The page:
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Re: Proposal for doing unauthenticated encryption inside of HTTP/2

From: Paul Hoffman <paul.hoffman@gmail.com>
Date: Tue, 3 Dec 2013 09:32:37 -0800
Message-ID: <CAPik8yaMWxCoYCzcSW8Fq3oC1+=2WdpdpXdPTOwmVWd70iYuzQ@mail.gmail.com>
To: Martin Thomson <martin.thomson@gmail.com>
Cc: "ietf-http-wg@w3.org" <ietf-http-wg@w3.org>
On Tue, Dec 3, 2013 at 9:11 AM, Martin Thomson <martin.thomson@gmail.com>wrote:

> On 3 December 2013 07:24, Paul Hoffman <paul.hoffman@gmail.com> wrote:
> > draft-hoffman-httpbis-minimal-unauth-enc
>
> I have a lot of questions, but here's a few to start with:
>
> Why headers and not frames?
>

- Could be headers or frames, as long as it is some place that is in the
control plane. That's for the grizzled HTTP/2 experts (as in, not me) to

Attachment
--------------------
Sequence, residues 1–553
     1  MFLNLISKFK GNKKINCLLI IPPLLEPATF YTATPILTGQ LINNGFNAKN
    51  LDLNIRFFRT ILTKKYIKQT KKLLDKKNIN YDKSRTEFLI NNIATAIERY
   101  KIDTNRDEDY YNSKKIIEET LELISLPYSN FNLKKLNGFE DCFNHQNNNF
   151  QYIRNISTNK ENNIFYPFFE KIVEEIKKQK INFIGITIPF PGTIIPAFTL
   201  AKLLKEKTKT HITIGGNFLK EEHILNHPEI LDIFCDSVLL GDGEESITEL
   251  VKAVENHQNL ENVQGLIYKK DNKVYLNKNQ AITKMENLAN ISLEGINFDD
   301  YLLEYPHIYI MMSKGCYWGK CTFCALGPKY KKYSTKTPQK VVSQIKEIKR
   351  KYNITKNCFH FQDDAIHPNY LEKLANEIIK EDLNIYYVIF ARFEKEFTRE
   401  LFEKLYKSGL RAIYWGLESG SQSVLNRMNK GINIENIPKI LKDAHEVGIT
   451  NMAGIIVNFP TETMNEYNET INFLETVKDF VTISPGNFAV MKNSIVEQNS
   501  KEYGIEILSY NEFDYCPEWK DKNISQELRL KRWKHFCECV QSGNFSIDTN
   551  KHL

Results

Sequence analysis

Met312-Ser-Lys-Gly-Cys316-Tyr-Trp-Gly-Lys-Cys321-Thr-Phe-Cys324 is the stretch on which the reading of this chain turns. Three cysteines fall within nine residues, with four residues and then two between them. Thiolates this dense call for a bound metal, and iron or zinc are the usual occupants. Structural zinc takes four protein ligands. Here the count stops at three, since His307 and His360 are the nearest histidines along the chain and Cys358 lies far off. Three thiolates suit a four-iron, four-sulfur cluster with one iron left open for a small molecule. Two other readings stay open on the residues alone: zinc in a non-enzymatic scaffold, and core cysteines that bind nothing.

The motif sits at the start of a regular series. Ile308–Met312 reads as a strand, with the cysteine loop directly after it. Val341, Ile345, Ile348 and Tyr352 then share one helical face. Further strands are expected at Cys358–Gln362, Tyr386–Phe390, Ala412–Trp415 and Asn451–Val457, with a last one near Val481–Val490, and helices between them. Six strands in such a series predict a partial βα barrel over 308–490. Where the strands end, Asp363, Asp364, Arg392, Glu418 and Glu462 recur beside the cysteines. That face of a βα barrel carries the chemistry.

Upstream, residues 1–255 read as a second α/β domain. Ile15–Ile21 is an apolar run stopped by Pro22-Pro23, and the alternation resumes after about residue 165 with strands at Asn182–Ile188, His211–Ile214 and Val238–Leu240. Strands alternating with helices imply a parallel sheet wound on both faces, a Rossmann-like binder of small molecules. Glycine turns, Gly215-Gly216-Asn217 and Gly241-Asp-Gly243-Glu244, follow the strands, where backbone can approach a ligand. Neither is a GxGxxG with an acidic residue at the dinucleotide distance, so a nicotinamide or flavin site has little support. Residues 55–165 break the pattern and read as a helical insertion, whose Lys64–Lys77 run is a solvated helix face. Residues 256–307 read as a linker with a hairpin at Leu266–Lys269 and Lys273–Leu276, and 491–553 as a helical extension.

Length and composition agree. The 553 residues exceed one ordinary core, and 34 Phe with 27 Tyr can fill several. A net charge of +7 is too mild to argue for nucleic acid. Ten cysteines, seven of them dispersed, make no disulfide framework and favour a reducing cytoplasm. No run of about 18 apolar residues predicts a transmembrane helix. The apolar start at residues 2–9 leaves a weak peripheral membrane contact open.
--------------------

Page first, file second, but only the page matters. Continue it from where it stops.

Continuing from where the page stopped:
pick.


>
> Why did you choose to submit a draft that doesn't tackle the key
> question of what is being encrypted?
>

Because the goal is to "encrypt more", and there is disagreement about what
"more" means. The WG seemed more wedged on how to encrypt than what to
encrypt. I trust the WG to resolve the latter if they figure out the former.


> Why did you choose to invent a new security protocol and not repurpose
> something like DTLS?
>

DTLS assumes a transport layer after the negotiation is done. DTLS takes
many more round trips. DTLS has the concept of authenticating the server
mostly built-in. If the WG wants DTLS, I would strongly suggest using TLS
instead.

And, this isn't inventing a new protocol: it is instantiating what is known
to be the minimum needed to get an encryption key. "Here is some key
material and a description of it; yes, that's fine, and here we go" or
"Here is some key material and a description of it; no, I'd rather use this
algorithm so here is my initial keying material; yes, that's fine, and here
we go" plus rejection messages. This is sufficient for borking passive
surveillance but not active attacks.

--Paul Hoffman
Received on Tuesday, 3 December 2013 17:33:04 UTC

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